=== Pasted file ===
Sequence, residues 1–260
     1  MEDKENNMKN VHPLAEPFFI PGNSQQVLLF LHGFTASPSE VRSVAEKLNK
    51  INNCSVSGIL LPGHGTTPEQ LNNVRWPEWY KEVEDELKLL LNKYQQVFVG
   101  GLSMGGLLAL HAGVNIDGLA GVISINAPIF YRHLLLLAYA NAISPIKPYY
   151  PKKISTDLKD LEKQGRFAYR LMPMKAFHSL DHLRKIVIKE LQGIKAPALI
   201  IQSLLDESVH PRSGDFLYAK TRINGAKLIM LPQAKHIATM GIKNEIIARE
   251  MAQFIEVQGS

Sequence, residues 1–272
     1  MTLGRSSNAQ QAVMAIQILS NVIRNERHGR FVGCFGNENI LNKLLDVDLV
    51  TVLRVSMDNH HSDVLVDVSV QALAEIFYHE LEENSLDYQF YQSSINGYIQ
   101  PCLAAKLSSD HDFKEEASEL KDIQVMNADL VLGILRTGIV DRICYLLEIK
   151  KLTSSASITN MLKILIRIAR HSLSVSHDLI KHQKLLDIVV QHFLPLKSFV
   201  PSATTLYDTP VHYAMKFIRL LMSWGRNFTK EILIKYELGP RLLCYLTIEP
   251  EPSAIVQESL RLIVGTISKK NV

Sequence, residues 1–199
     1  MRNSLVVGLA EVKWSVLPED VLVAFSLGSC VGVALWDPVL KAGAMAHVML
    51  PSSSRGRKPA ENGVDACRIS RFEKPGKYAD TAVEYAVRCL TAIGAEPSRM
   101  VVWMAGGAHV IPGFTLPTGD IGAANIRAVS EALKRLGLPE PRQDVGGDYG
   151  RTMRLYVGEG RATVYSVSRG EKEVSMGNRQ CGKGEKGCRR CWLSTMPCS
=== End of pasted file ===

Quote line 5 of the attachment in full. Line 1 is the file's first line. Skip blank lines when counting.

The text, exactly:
   151  PKKISTDLKD LEKQGRFAYR LMPMKAFHSL DHLRKIVIKE LQGIKAPALI